Perhaps my view is colored by my low expectations being surprised, but I would recommend this movie. Content wise it is pretty clean, with only a few bits of profanity thrown in and almost no other objectionable content, aside from some colorful alien blood. One of the best movies? No, but it is enjoyable. If you can handle a cliche plot and enjoy a heartfelt effort and truly awesome fight scenes, check it out.

The best part though? Sequel confirmed! Here's hoping for the best.

Friday, October 4, 2013

NaNoWriMo: Character Drawing

The yearly event where I try and fail to write a novel in a month, more info here.

Anyway, I don't have much to say about it, other than I am excited. I seem to get closer every year, so I might make it all the way this time. One of the people on the forums was nice enough to draw one of my characters for me, so I figured I'd share it. (Thanks darkcity for making it!)

Granted, in the book he has a more of a Victorian London look, but this is the gist of it. Just felt like sharing The next post will get back to the regular posts.  

EDIT: Just needed a place to post this banner. Art by magge

Saturday, September 28, 2013

Legend of Korra Season 2: Episode 4

Hey, remember this guy? The totally not evil at all mentor?

Why, yes, I am plotting your demise. Why do you ask?
Yeah, they didn't even bother with that one.

So I'm going to get the cons out of the way here first, that way we can focus on the good stuff. Korra is still acting like an idiot (though her actions actually do get results instead of just screwing things up this time) being brash and angry. They went ahead and officially outed Unalaq as a villain, and we're only four episodes in. I suppose this could be a good thing, getting it out of the way so we can move on to new things, but it still felt rushed.

I'm not sure how I feel about the fact that he was behind her father being banished so he could get his position. Sure, it gets him villain points, but I felt like that wasn't really needed. It sort of detracted from her father's drama and past, making him not responsible for his actions.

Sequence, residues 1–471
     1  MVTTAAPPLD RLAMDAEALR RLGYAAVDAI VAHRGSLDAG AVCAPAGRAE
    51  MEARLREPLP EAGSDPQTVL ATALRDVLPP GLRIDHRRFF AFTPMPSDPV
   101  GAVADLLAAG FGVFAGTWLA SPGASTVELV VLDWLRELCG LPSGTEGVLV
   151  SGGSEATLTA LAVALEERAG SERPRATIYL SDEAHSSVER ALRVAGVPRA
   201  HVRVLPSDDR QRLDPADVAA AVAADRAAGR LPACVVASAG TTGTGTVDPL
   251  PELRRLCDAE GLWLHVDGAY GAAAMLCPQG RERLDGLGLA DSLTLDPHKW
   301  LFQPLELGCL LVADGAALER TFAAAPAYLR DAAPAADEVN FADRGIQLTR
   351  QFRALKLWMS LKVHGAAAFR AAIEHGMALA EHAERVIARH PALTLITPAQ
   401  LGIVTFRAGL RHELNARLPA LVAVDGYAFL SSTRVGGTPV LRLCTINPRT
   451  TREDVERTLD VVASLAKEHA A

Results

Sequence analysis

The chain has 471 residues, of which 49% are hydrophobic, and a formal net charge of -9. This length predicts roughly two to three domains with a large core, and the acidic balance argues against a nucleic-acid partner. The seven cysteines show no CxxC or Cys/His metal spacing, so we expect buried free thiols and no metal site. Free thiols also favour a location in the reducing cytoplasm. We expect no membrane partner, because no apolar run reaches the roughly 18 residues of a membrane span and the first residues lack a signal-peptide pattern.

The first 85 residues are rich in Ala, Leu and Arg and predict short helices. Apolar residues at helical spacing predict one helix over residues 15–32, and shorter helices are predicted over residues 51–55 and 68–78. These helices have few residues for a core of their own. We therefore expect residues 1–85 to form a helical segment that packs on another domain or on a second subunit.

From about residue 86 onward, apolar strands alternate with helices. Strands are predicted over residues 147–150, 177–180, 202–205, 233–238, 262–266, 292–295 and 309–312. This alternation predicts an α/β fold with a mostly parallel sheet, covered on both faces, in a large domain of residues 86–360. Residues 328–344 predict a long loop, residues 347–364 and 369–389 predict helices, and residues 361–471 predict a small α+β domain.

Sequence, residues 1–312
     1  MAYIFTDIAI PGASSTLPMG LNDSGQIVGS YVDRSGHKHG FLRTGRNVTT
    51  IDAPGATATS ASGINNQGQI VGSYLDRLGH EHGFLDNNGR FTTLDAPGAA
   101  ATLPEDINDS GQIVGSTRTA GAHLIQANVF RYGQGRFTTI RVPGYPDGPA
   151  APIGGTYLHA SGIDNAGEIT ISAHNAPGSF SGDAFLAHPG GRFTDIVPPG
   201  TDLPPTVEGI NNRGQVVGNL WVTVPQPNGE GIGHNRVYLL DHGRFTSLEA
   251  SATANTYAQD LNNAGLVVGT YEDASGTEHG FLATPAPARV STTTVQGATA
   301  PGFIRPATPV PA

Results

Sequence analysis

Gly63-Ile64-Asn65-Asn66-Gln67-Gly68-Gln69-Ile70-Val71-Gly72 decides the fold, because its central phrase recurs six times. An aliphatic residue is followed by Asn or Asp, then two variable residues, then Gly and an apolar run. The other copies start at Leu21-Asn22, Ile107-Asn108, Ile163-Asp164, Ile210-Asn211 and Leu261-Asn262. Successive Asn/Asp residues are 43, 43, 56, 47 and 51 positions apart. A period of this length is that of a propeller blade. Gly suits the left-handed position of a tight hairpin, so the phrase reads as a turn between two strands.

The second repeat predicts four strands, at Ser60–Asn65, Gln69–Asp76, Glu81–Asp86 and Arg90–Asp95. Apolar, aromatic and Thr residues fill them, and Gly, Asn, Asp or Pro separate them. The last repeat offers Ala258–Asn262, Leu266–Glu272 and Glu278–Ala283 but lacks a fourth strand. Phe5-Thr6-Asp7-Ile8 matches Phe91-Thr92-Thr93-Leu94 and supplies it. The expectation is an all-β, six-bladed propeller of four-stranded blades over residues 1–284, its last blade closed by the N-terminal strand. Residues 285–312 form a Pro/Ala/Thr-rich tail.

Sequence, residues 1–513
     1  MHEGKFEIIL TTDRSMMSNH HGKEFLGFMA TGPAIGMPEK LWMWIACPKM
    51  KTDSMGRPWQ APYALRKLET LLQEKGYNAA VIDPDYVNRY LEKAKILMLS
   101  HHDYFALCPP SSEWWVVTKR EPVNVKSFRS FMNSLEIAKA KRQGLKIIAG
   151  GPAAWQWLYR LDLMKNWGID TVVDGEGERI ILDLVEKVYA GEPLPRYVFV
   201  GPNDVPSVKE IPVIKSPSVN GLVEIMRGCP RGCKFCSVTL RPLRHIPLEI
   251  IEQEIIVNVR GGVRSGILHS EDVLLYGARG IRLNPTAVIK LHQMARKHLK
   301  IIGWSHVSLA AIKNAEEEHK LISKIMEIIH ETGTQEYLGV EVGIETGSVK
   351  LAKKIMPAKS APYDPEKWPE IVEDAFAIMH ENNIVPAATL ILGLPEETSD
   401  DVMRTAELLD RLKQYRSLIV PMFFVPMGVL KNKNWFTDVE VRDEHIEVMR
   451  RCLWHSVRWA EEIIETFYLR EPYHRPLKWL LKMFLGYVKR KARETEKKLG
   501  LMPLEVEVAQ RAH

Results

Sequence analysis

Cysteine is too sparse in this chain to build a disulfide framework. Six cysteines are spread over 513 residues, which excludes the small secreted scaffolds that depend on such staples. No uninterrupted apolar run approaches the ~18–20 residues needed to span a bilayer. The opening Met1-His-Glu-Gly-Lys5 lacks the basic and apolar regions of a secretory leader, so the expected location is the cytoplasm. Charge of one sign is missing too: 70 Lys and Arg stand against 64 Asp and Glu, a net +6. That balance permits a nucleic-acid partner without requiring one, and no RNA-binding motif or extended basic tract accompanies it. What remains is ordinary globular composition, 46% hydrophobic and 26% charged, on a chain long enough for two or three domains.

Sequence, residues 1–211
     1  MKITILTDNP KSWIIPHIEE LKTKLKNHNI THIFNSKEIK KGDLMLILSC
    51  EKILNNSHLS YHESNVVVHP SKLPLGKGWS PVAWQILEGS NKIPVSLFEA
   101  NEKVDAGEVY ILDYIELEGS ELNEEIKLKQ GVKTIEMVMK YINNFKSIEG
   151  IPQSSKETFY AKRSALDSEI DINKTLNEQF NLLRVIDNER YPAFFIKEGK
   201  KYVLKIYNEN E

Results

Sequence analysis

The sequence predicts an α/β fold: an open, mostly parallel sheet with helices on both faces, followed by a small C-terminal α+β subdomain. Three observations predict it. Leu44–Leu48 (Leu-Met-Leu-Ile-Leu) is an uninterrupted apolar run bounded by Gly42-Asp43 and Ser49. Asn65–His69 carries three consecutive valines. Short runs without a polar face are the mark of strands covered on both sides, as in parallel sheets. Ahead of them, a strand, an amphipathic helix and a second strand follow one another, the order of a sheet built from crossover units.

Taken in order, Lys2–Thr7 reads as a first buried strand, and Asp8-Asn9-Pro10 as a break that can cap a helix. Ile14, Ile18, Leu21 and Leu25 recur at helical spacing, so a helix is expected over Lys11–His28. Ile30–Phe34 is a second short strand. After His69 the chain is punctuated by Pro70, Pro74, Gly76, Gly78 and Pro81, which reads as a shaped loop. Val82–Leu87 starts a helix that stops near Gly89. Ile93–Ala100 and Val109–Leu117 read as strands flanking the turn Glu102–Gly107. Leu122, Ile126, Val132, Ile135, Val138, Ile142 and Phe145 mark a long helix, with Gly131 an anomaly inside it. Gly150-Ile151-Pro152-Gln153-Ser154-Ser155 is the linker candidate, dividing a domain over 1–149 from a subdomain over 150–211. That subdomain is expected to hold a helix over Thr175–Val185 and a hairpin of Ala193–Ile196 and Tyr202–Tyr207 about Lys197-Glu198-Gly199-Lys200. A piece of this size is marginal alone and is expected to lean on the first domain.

Still, these are minor issues at best considering the rest of the episode.

There is a major theme of family throughout the episode, wrapping up the cliffhanger of last week. Tenzin finds his daughter playing with a group of baby Flying Bison, deciding they were better brothers and sisters than her real ones who had been mean. Tenzin, frustrated with his own siblings, sits down and plays with her.

"Aww" is the appropriate response, even if you are male.

They come to the conclusion that family, while they can be annoying and troublesome, is still family. They will always be there for you, and should be valued. Simple, old fashioned and a little cliched? Sure, but it rings true.

I feel like I should note that Tenzin admits that Aang had faults as a father, and apologizes for trying to force his idealized memories on his siblings. They forgive him, apologize for taking out their anger with Aang on him. They end their segment by looking at a photo of all of them, happy together as kids.

Again, this whole segment felt very real and mature. The theme of family carried over to Korra's segments as well, with a few emotional moments between her and her parents. Sadly, the Aang family arc felt a little rushed, mostly due to constantly returning to Korra for the plot

Also, a side note. I may get frustrated at her character for being headstrong and kind of an idiot, but man she can be awesome in the middle of it.

"For kids 7 and up!"

A great example of how to solve problems? Not really, but man was it hardcore. This is how they should show her character, by showing what lines she is willing to cross that Aang never would, not by making her an idiot who never learns.

A further note: the comedy in this episode was strong, though I felt that it interrupted the drama rather than lightening it a couple of times. The crazy inventor is quickly becoming a favorite of mine.

They seem to be setting up a civil war between tribes, and Korra and the rest of Team Avatar are heading for Republic City to get the president's help. On one hand, I'm annoyed that we are leaving the beautiful arctic visuals and gong back to the city. On the other, it seems to be setting up the old avatar vibe, the whole travel the world bit. (Also, the more they travel, the higher a chance they run into Iroh the II. Dante Basco FTW).

Still excited for the coming episodes, see you next week.

Saturday, September 21, 2013

Legend of Korra Season 2: Thoughts on Ep 1,2 and 3